Switch Conflicts

Looks like I’m up to it again, another conflict hack. It’s just so much fun to take things apart, see how they work, and put them together again a little differently! At least this one seems to be a little more light weight :slight_smile:


Situations seem to come up where nobody at the table is happy with the conflict that is currently being played out, not because they are losing, but because the nature of the conflict no longer matches their goals. This can be particularly true if a conflict drags on. Maybe you’re in an argument and your opponent says something truly heinous. You don’t want to win the argument anymore, you want to stick a sword in his neck, but you can’t. You could surrender the argument and start a kill conflict, but by surrendering the argument you agree to the jerk’s terms which may prohibit drawing swords. Or maybe you start a kill conflict, and halfway through realize that your motives were misguided, and what you really want to do is capture your adversary or just convince him to see reason. While he may not agree with the sentiment now that blood has been drawn, maybe there’s a chance, maybe it even makes sense for the narrative.


When to switch: Between rounds, before choosing weapons, the players can describe if their objective or overall strategy has changed, or they can describe an attempt to change the type of conflict. Based on their description the GM can decide to initiate a conflict switch and may decide what the new conflict type is appropriate, or the GM may describe how their attempt to change the flow of the conflict is thwarted and continue with the conflict as is. The new conflict type must be acceptable to the GM, the players, and the narrative. If no consensus can be reached, the conflict continues as it was.

Knocked out: Any players that were knocked out remain so and cannot help with the new disposition roll.

Roll disposition: Roll disposition for the new conflict as normal and divide it between all participants, even the participants that are knocked out. This is the new maximum disposition for each character going forward. For each character that was knocked out, their current disposition is 0 whether their new maximum is higher, lower, or the same. For each character still in the fight, subtract any damage they already had from their new maximum disposition. This is their current disposition.

Carry on with the new conflict type as if you were in the middle of it. Switching conflicts does not take an extra turn as it’s all still part of the same action.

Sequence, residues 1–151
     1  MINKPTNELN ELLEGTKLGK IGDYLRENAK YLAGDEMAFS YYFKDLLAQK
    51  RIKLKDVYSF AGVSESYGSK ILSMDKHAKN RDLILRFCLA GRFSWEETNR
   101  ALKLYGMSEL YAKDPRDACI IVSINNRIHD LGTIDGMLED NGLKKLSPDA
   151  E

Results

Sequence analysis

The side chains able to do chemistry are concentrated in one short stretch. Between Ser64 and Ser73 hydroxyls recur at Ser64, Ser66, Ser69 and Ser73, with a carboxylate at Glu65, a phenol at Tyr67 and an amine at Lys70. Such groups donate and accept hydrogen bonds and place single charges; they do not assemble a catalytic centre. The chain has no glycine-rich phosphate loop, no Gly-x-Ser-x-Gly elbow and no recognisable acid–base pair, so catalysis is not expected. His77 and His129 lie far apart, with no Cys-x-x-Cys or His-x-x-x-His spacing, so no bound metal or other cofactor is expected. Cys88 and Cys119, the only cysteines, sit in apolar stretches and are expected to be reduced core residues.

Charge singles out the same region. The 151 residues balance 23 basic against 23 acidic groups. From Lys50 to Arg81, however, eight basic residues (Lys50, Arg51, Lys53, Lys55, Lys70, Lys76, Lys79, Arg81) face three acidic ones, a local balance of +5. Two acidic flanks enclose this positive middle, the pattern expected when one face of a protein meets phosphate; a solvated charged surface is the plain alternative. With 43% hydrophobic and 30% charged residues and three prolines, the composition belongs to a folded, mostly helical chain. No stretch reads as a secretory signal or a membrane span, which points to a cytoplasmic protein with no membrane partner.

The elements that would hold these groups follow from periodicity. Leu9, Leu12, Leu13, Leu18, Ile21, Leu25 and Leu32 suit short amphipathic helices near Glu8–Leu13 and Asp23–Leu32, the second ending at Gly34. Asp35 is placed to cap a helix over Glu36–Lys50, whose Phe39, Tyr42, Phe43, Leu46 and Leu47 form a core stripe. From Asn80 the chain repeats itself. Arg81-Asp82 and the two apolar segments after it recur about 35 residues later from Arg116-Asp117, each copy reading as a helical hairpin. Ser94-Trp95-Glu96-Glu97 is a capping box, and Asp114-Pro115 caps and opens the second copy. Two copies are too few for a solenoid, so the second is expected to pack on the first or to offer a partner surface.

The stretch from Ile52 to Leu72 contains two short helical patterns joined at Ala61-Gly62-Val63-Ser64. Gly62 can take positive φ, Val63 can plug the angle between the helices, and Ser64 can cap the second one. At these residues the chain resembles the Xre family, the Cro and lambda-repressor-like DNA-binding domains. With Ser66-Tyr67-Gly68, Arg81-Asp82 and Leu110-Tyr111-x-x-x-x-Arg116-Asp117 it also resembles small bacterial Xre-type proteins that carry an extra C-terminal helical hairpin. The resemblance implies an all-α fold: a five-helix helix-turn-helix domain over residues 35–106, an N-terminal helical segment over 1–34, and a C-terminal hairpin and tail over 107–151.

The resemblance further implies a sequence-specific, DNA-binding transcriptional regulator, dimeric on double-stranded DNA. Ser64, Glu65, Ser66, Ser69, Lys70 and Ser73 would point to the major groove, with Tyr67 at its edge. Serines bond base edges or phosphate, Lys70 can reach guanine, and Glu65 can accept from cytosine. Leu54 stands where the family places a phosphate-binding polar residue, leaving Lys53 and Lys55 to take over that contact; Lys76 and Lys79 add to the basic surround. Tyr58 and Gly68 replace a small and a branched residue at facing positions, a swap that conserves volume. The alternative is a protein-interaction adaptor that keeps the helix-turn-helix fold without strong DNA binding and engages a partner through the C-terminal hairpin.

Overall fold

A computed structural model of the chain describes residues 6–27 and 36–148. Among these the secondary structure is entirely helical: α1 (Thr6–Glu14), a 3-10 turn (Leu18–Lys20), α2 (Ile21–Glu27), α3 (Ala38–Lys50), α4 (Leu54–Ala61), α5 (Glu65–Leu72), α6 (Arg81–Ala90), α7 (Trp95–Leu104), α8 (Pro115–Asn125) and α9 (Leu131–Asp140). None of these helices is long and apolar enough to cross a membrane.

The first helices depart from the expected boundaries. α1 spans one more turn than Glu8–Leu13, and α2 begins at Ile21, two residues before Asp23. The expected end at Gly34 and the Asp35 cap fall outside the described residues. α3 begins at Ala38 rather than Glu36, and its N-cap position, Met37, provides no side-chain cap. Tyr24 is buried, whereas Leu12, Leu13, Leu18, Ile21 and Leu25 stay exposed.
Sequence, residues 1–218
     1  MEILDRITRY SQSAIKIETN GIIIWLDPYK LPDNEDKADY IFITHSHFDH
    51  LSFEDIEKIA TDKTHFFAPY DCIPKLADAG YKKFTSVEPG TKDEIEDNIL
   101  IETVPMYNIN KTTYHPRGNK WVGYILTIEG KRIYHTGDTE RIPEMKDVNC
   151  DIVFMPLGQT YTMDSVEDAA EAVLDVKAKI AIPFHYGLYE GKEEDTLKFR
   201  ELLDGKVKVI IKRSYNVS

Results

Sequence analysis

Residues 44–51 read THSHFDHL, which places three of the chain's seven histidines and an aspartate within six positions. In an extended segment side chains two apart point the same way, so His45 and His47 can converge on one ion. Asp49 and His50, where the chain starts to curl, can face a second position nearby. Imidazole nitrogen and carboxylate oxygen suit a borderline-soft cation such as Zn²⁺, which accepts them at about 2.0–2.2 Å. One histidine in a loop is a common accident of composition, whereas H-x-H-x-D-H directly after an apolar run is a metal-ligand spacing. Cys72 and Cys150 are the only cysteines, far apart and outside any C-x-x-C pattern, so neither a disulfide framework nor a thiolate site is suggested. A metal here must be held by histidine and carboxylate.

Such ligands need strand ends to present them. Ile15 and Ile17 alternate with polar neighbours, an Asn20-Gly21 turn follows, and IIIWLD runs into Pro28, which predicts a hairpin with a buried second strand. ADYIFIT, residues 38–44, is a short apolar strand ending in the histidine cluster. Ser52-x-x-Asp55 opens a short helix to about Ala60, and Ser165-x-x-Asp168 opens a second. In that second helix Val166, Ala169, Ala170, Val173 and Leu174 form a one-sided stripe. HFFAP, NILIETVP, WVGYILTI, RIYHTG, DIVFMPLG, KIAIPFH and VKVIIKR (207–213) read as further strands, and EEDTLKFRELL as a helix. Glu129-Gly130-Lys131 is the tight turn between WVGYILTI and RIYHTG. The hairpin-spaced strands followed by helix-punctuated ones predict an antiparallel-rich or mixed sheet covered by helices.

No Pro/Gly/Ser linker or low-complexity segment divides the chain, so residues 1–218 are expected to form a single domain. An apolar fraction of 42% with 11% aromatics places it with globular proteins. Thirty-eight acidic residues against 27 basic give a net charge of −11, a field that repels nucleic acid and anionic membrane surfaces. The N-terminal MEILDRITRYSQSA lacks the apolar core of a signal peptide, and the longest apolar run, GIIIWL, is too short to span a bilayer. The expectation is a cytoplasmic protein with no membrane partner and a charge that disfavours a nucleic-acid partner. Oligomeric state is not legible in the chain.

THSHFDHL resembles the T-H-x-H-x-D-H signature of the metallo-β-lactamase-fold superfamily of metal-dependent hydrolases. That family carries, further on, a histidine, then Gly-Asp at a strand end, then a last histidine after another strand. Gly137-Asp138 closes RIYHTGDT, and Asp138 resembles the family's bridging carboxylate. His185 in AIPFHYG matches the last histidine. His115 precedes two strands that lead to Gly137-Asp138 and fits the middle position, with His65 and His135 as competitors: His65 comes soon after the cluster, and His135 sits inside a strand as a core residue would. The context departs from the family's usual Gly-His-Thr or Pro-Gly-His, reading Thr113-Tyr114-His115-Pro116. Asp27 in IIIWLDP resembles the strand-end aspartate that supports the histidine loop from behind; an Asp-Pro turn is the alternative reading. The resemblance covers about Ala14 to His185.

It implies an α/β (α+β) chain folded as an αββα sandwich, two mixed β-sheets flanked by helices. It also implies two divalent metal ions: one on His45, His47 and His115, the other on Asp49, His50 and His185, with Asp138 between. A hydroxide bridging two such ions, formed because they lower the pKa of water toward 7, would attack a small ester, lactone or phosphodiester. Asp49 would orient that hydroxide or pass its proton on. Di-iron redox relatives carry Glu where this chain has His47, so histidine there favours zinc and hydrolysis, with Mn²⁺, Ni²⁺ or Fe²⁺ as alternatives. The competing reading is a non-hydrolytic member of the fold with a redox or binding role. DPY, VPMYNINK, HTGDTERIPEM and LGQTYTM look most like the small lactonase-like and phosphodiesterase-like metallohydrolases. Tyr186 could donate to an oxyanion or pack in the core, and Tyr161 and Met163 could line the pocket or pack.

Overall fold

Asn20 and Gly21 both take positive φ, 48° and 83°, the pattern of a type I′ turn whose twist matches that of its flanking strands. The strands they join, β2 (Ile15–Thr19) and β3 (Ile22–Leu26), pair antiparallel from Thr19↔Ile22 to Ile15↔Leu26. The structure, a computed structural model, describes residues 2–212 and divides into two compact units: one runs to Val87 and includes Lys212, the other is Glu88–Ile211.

Killing is still my business: If the conflict switches from a Kill conflict to any other type of conflict, death is still on the line. If the players turn tail and flee during a tough fight, failure to flee means death. If they throw down their swords and attempt one last desperate plee for their lives, they will be murdered if they fail. The GM has no obligation to allow players to switch out of a kill conflict once it has begun, but if he is so generous and thinks it fits the narrative, he may do so and invoke this rule to ensure there is no easy reprieve for the players.

Huh. Interesting notion. As a nitpick: I’d suggest that you have everyone switch up how you track disposition loss. Have them write their max disposition (after distribution), then have them track damage taken. When they reroll disposition, they just keep the damage they’ve taken, and don’t have to recalculate anything. You’re incapacitated when your damage equals your max disposition.

(For instance, let’s say we have three players. A has 3 Health, B has 3 Health, C has 4 Health. During the course of the fight, A takes 2 damage and C takes 1 damage. You reroll disposition, and keep damage. Now A has 4 Health, B has 3 Health, and C has 3 Health. They keep the same damage totals.)

I’m wondering how this squares away with gaming the system. Could you use this to effectively game a reroll in a conflict?

I thought of that, keeping damage on a per character basis. But then some characters might be revived by a conflict switch if the new total is higher. No good. You could throw away any extra disposition that goes to someone knocked out, I suppose. Hmm… actually that might be cleaner.

I guess the important thing is that like starting conflicts in the first place, it’s not up to the players. Players describe to live, but the GM determines the mechanics to employ. So the players can’t “game the system” because they aren’t playing that game. They don’t pick the conflict, they just say what they are trying to accomplish and the GM decides if that means a conflict switch or if their goal is even achievable given the circumstances. I’ll make that more explicit in the OP. And obviously the GM is just being silly if he lets them switch from a Drive-Off conflict to a more different Drive-Off conflict just to reroll their disposition.